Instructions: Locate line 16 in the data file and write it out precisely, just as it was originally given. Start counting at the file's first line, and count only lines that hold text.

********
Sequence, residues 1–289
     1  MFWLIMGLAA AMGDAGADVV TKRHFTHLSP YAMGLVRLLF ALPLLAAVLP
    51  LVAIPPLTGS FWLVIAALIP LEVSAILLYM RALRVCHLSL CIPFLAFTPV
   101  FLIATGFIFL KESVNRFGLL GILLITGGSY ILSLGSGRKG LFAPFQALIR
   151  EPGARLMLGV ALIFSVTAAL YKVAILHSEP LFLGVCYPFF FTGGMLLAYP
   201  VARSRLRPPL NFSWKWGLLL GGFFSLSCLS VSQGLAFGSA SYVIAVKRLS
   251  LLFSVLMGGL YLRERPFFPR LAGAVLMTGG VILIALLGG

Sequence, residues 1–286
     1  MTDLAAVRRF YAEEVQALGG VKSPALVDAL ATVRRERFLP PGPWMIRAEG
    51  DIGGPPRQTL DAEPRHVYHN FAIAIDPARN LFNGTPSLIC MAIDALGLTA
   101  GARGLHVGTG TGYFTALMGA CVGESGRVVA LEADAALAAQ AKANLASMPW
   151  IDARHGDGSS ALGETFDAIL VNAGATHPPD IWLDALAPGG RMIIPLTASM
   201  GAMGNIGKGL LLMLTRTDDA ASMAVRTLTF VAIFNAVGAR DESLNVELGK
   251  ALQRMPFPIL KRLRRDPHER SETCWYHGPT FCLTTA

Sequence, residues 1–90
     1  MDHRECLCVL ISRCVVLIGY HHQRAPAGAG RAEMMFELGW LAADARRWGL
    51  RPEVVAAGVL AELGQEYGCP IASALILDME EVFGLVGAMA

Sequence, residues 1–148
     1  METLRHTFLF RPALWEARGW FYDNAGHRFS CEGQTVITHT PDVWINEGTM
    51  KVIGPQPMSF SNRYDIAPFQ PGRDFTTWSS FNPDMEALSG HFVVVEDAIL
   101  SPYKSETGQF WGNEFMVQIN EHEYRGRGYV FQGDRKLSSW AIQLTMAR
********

     1  MDHRECLCVL ISRCVVLIGY HHQRAPAGAG RAEMMFELGW LAADARRWGL